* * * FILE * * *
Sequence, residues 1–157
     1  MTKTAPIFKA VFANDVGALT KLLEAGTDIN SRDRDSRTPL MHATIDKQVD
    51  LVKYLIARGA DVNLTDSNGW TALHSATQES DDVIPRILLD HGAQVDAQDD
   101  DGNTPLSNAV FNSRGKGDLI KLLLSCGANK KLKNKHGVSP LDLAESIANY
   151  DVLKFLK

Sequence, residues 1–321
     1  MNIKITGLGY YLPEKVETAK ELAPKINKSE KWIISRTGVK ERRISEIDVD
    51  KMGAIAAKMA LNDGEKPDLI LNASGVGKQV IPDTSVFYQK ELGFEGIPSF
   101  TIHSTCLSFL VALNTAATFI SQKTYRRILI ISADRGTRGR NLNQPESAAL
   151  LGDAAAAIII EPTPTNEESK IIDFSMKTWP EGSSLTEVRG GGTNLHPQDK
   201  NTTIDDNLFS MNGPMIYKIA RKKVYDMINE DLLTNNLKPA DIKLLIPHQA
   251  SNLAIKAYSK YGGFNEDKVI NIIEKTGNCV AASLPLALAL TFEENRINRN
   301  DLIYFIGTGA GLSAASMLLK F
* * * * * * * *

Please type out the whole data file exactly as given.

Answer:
Sequence, residues 1–157
     1  MTKTAPIFKA VFANDVGALT KLLEAGTDIN SRDRDSRTPL MHATIDKQVD
    51  LVKYLIARGA DVNLTDSNGW TALHSATQES DDVIPRILLD HGAQVDAQDD
   101  DGNTPLSNAV FNSRGKGDLI KLLLSCGANK KLKNKHGVSP LDLAESIANY
   151  DVLKFLK

Sequence, residues 1–321
     1  MNIKITGLGY YLPEKVETAK ELAPKINKSE KWIISRTGVK ERRISEIDVD
    51  KMGAIAAKMA LNDGEKPDLI LNASGVGKQV IPDTSVFYQK ELGFEGIPSF
   101  TIHSTCLSFL VALNTAATFI SQKTYRRILI ISADRGTRGR NLNQPESAAL
   151  LGDAAAAIII EPTPTNEESK IIDFSMKTWP EGSSLTEVRG GGTNLHPQDK
   201  NTTIDDNLFS MNGPMIYKIA RKKVYDMINE DLLTNNLKPA DIKLLIPHQA
   251  SNLAIKAYSK YGGFNEDKVI NIIEKTGNCV AASLPLALAL TFEENRINRN
   301  DLIYFIGTGA GLSAASMLLK F